Secret Scotland

If it's secret, and in Scotland…

Compulsory Sales Orders – Solving a problem, or just moving it along?

I spotted earlier news about Compulsory Sales Orders (CSOs) recently.

Wasn’t particularly impressed then, still not.

Forcing someone to sell a property (assuming it even sells at such a forced auction) could just shuffle an empty property from one owner to another, unless the CSO is made complex and has many requirements to be met. And I note the proposal even suggested returning it to the original owner if it is still empty after 3 years.

Sounds like another scheme to make lawyers/solicitors/agents/auctioneers rich – but not really tackle property/housing issues.

Maybe making it easier/cheaper to sell property would be a better idea, perhaps along the lines of…

Shaheena Din: How to get empty homes onto the housing market

More ‘carrot’, and less ‘stick’?

Edinburgh would seem to be getting ready to make a pre-emptive strike against vacant properties before this arrives (if it ever does) and serve Compulsory Purchase Orders (CPO) on owners of empty houses.

Sounds better, at least they’d be obliged to pay a decent market price.

And then the council would own the derelict, and have to find the money to make it habitable or worth renting, AND be responsible for its upkeep.

That should be fun, since most councils are cash-strapped these days – or does Edinburgh have a magic money-pot?

I’m always impressed by the people who jump up and down and whine about empty properties and demand someone do something.

But they never do anything else other than make a noise, threaten others do something ‘or else’, nor do they turn up with the bottomless purse that most empty property owners wish they had.

Oh well.

Owners to be forced to sell empty homes in Edinburgh

One to watch.

Council set to seize empty homes from owners to tackle Edinburgh’s housing crisis

Derelict House

Derelict House


01/09/2018 Posted by | Civilian, council | , , , , | Leave a comment

There was this bike

One of those things I’d seen a pic of years ago, but had forgotten all about, with not even the foggiest idea where it was.

Then I tripped over it last night.

This is ‘BANKIES BIKE’ (don’t ask about the apostrophe – it was too dark and too faded for me to see for sure, I may look closer in daylight one day), which was an unexpected find just as I reached the Forth and Clyde Canal and was about to turn around and head back home.

There’s surprisingly little about it to be found online.

I know it was a sculpture commissioned to mark regeneration of the surrounding area some years ago, by the local council, but although I found a link to the sculptor’s web site, which promised details – it’s dead.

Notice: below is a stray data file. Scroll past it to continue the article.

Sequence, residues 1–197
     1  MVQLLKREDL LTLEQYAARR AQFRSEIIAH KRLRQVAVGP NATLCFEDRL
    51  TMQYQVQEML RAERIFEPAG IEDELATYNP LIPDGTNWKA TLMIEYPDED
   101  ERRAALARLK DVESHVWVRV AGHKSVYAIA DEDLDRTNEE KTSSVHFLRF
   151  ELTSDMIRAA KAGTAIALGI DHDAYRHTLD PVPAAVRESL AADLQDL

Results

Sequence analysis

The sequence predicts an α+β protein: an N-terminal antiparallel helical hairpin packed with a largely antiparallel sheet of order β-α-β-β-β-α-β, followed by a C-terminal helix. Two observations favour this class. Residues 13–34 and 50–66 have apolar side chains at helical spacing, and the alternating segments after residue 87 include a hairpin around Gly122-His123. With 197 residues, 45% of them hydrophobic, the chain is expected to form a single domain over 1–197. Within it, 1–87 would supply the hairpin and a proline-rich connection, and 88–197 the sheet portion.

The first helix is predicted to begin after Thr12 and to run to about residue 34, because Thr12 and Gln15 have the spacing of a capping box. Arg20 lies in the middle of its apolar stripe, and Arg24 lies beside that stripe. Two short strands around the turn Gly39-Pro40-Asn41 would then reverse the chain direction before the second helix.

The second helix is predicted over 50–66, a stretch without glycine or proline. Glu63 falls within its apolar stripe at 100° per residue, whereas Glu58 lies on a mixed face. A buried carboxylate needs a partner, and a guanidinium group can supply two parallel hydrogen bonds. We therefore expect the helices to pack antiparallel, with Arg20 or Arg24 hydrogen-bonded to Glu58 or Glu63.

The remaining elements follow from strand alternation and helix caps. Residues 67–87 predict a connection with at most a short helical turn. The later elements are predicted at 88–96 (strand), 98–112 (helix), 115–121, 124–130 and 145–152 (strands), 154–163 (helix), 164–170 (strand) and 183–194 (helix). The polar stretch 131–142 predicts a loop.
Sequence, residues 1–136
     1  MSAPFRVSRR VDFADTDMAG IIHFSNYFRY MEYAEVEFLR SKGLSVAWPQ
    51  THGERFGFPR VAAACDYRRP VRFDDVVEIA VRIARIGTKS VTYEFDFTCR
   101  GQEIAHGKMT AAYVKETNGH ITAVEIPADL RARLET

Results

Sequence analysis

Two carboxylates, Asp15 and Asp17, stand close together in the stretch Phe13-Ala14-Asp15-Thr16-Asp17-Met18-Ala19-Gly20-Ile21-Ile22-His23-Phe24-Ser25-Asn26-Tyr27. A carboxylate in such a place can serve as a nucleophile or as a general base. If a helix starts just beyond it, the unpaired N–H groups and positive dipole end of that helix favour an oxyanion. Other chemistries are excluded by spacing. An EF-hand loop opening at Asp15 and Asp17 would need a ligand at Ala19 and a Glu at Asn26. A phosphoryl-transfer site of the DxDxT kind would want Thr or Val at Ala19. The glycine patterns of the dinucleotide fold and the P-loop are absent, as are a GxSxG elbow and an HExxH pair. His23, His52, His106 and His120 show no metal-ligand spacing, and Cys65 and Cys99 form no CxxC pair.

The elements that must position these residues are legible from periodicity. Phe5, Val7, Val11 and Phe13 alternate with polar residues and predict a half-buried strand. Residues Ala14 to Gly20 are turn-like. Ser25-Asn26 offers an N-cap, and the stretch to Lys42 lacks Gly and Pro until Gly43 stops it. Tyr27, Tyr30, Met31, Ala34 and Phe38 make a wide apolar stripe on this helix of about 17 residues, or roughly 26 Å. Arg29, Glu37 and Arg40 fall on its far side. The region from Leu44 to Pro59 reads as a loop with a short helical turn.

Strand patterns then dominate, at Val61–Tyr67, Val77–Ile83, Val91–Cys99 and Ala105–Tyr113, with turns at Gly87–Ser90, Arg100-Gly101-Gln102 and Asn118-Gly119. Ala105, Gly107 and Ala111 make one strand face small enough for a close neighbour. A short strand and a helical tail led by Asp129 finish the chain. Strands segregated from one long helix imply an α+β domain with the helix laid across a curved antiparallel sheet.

So, I got lucky and some kind person had parked their little car right beside it, so you can get a good idea of the size and scale of this thing.

It even had a D-Lock to help prevent it being stolen (and thrown in the canal) – but that MIGHT not be needed for his particular bike.

Bankies Bike

Bankies Bike

I thought I’d pull back a little, for little more context, but I kind of missed out the Forth and Clyde Canal, which was running just along the bottom of this wider view. The vertical thing on the right is actually a bike-counter sign seen side on, which shows an active count of the number of bikes passing on the canal path.

Bankies Bike Location

Bankies Bike Location

A closer look at the sign on the left, the stone at the bottom of the blue sign with the distances marked is for the Forth and Clyde canal.

Forth And Clyde Canal Signs

Forth And Clyde Canal Signs

Another sign just along from this one gave some more distances, with the one showing 9 miles back to Glasgow being the one that interested me. However, I wasn’t going back that way, just being nosey.

Interesting to note the 1/4 mile difference between them – obviously the folk that installed these two signs never spoke to one another. Or looked at one another’s work. They are NOT 1/4 mile apart.

Trust me, I know what 440 yards looks like, and there’s not much more than 40 feet between them.

Forth And Clyde Canal Other Signs

Forth And Clyde Canal Other Signs

01/09/2018 Posted by | Civilian, council, photography, Transport | , , , | Leave a comment

Today is Ginger Cat Appreciation Day

01 September is Ginger Cat Appreciation Day.

While I have a ‘thing’ for black cats (more so when I learned some creeps use their colour as a reason to abuse them), ginger cats can have some of the best markings in their orange strips, referred to as ginger tabby, and sometimes with a mix of white too.

A 1973 book published by Pedigree Foods described ginger tabbies as “quiet, docile and affectionate”, and a study at the University of California, where cat owners were asked to attribute personality traits to their cats, found that orange cats were most often characterized as friendly.

Another stereotype comes from the media, with the famous ginger Garfield being portrayed as irascible. Also, the gene for ginger is linked to gender, with around three out of four ginger cats being males. Any intact male will exhibit certain behaviours, including roaming and less interest in hunting. However, if your ginger tabby is loved and socialised, you can be pretty sure he’ll be loving and affectionate.


Sleeping Ginger

Sleeping Ginger

01/09/2018 Posted by | Civilian | | 5 Comments


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